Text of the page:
The Gift of Truth: Having Difficult Conversations

By AccentCare | July 01, 2021

A female nurse talks earnestly with family members.Difficult conversations are a normal part of almost any 12-hour shift when working in critical care or other acute hospital setting. 

No professional expects every conversation with patients or families concerning code status, quality of life, intubations, and tracheostomies to be straightforward or easy to facilitate. However, discussing pragmatic options with patients and loved ones and helping them arrive at their personal definition of quality of life is a gift of truth we owe to our patients.


5 Tips for Successful Honest Conversations

It can be difficult to guide a family towards a realistic understanding of their prognosis. Here are 5 tips to make it easier on the patient, family, and you:

  • Put your phone, laptop, and charts down. Leave them at the door or out at the nursing station. Be present.
  • Your long white coat or professional garb can be intimidating, especially if you are standing over a patient on their worst day. Pull up a chair and hold their hand if you can. Ask them personal questions about their life and see them as more than their diagnosis. Be real. 
  • Give control back to your patient. Remind them that they get to make their own decisions, and that you are on their side and will advocate for them. Sometimes, the biggest battle they are fighting is getting their loved ones to accept their prognosis and respect their wishes.
  • Speak with the family separately from the patient at some point, and vice versa if possible. Family responses might put an unnecessary burden on your patient that will cause them to make a decision based on what their loved ones want, rather than their own wishes. You can help the family understand this. 
  • Tell them the truth. If you believe that all of the tests, procedures, and treatments are futile and only putting off the inevitable - tell them gently but directly.   


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Kelly’s Story: Hard Truths

Kelly was in her early 40’s. She had breast cancer that had metastasized throughout her body. She was in and out of the ICU and the step-down unit for almost two years. The first time she graduated from ICU to step-down the family was so excited, especially after proving all of the naysayers wrong. Kelly was a fighter! Her mom insisted she was going to make it out of the hospital. As anyone who has worked in intensive care might suspect, three short days after that graduation out of the ICU, the page came over the intercom: “CPR team STAT with intubation,” the call came from Kelly’s room. She came back to the ICU, and the disappointment and fear was evident her family’s eyes. This cycle repeated in various ways for the last two years of Kelly’s life.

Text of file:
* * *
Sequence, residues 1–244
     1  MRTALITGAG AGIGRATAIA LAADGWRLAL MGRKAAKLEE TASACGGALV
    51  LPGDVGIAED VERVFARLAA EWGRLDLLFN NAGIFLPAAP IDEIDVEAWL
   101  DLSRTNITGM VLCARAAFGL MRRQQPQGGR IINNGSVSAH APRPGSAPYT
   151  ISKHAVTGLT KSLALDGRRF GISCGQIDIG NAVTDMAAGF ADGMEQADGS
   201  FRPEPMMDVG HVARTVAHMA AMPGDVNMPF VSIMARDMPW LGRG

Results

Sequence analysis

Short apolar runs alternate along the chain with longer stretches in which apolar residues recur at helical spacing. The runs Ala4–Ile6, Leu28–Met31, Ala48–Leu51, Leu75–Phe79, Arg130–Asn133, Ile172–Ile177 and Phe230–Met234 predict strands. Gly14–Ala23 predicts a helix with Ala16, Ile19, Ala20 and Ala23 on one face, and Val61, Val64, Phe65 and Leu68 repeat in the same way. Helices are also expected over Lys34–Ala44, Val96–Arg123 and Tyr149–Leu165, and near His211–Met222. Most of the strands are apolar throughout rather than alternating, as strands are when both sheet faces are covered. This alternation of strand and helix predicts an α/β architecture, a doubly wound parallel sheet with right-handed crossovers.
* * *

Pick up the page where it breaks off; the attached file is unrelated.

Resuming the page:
During Kelly’s fight, her husband mentioned several times that he wanted to put her in hospice. He had approached each nurse asking questions about her options. Kelly’s mom, however, pushed her daughter to keep fighting. Her encouragement came from a place of love but cast a pallor over the family. The word “cancer,” was not allowed to be spoken in the room, and Kelly’s mom was making all of the decisions for Kelly and her husband. Telling the inevitable truth of Kelly’s prognosis seemed futile to the physicians, so they kept suggesting courses of treatment that left Kelly fighting an endless, futile battle. Kelly was torn between wanting peace and comfort and not wanting to disappoint her mother.


Kelly desperately needed a professional advocate.

She needed someone to say to her mother that her daughter was not going to recover. Someone to say, “We can turn off the alarms, get rid of all of the bells and whistles, wires, tubes and needles, and provide peace.” The following day, after similar conversations with ICU nurses, a physician sat down in a conference room with Kelly’s mother and husband.  He told them Kelly would never leave the hospital, that everything the team was doing at that point was just to prolong the inevitable. He explained that without a change, Kelly would suffer until that happened. He was candid and kind and spoke honestly to Kelly’s mother and husband.

The family met and agreed that Kelly would love to have her best friends and closest family members with her, and that she really needed to see her dogs. She was a dog lover and her two huge, loving huskies that she missed terribly hadn’t been able to see her while in the hospital. 

Ultimately, Kelly died a peaceful death surrounded by those she loved most, but her very long and futile fight in the ICU could have been made much easier. Her ‘truth’ came very late. Had she been given the gift of truth and the opportunity to go home with comfort care, she could have experienced her remaining time at home with her family and huskies.  


The Role of Hospice and Palliative Care

Hospice specialists are experts at explaining the concept of shifting to comfort care rather than curative treatment. The hospice team can provide literature patients can read at their leisure, and resources and phone numbers for them to call and ask questions. Ordering a hospice consult early in the process can diffuse potentially difficult situations. Decisions about hospice are easier to make if the groundwork is laid earlier than a moment of crisis. 

Ultimately, no practitioner likes giving bad news to a patient or their family. But these conversations can save those in our charge endless exhaustion and help them avoid complex grief and guilt. The gift of truth is one of the most sacred ways we can honor and support our patients.


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